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Are credit cards dangerous?

A report by the Bank of England confirmed that £3.5 billion was written off by UK banks and building societies between April and June 2010 with a massive £2.1 billion of this write-off directly associated with credit card debt. So are credit cards dangerous?

There is no doubt that through the 1990s and into the new millennium there was a massive explosion in the use of credit cards in the UK and as such credit card debt spiralled out of control. In the boom times, with property prices moving higher and employment plentiful across the UK, few people had difficulties repaying their credit card debts, or at least paying off the interest on a monthly basis. However, as underlying debt figures continued to grow we saw interest payments continue to spiral higher and when the credit crunch hit home and interest rates moved higher, the problems began.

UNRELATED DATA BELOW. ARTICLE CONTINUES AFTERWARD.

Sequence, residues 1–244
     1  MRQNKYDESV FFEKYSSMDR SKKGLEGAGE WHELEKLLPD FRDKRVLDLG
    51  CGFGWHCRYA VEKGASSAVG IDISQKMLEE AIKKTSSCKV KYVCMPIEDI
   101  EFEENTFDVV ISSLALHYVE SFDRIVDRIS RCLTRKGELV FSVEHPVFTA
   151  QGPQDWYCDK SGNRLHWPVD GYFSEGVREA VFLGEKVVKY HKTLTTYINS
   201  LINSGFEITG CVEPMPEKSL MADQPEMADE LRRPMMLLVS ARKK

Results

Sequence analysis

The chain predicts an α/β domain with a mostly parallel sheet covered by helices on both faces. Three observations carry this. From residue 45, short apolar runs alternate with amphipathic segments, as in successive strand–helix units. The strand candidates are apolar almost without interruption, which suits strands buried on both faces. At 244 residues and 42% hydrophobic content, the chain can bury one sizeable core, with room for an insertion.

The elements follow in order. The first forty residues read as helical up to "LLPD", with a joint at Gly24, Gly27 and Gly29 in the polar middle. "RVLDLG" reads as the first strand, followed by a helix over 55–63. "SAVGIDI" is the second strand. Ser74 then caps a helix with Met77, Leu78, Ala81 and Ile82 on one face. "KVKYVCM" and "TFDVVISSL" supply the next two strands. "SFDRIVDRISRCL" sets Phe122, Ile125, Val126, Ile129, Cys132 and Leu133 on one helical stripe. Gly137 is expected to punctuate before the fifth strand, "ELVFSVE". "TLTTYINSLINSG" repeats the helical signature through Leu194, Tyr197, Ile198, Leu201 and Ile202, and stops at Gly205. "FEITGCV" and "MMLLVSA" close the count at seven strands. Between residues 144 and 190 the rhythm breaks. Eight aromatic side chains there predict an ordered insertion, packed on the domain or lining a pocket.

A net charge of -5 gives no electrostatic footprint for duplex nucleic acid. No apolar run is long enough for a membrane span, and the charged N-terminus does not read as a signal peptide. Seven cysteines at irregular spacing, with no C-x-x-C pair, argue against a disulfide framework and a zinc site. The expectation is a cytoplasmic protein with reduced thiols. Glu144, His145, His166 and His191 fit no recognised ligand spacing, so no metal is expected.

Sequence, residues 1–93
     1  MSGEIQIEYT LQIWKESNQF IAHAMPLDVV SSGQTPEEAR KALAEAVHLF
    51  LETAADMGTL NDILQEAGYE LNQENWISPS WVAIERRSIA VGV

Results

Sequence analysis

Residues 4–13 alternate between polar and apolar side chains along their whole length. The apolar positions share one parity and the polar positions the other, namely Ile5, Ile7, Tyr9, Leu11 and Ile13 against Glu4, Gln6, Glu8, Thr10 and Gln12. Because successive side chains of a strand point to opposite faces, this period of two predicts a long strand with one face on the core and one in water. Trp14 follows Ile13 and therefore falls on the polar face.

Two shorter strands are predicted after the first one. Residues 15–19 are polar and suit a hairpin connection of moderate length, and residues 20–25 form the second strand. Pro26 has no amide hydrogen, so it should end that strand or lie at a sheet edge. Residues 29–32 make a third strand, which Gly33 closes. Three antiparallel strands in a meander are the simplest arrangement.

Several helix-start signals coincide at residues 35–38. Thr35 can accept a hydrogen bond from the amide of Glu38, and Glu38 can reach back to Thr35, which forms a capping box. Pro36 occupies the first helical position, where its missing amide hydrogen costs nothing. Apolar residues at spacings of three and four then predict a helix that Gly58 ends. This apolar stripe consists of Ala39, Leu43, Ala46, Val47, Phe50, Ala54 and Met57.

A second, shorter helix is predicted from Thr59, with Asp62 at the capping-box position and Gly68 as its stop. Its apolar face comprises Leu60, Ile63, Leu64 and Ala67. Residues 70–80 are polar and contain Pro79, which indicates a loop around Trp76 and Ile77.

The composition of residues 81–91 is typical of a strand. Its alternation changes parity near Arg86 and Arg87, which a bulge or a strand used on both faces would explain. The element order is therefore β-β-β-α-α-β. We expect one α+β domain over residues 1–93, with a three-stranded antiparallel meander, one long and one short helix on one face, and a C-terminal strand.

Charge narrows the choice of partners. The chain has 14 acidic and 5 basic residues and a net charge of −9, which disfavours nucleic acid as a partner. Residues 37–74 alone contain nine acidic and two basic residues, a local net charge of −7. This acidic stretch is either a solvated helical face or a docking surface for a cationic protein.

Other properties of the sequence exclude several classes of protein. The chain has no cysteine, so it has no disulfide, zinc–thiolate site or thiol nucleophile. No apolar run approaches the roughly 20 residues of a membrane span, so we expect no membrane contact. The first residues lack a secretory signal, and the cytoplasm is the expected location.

When you consider that credit cards interest rates at the moment are commonly upwards of 20% it is only now becoming clear what a massive burden this has placed upon many people. Even though we have seen credit card debt stabilise in the short term there is a concern that some people will return to credit card debt once the economy is back on an even keel.

Used correctly credit cards are a very useful method of payment, but used incorrectly they can become something of a millstone around your neck.

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